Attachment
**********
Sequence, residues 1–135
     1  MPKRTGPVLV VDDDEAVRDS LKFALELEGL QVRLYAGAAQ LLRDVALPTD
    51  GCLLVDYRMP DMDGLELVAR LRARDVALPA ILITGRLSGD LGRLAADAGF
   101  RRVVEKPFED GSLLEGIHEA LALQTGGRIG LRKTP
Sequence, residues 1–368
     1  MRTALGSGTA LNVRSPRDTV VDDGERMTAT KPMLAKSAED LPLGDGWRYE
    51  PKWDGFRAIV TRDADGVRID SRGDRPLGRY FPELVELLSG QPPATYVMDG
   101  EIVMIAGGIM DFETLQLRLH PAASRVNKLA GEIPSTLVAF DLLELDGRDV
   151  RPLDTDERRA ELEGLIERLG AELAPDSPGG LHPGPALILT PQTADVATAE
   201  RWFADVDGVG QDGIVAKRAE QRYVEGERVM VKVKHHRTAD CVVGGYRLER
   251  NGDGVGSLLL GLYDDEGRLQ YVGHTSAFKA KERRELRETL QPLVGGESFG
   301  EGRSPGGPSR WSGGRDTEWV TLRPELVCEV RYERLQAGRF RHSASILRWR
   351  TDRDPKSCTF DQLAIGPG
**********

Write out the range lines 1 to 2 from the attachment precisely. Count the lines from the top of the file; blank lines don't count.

Sequence, residues 1–135
     1  MPKRTGPVLV VDDDEAVRDS LKFALELEGL QVRLYAGAAQ LLRDVALPTD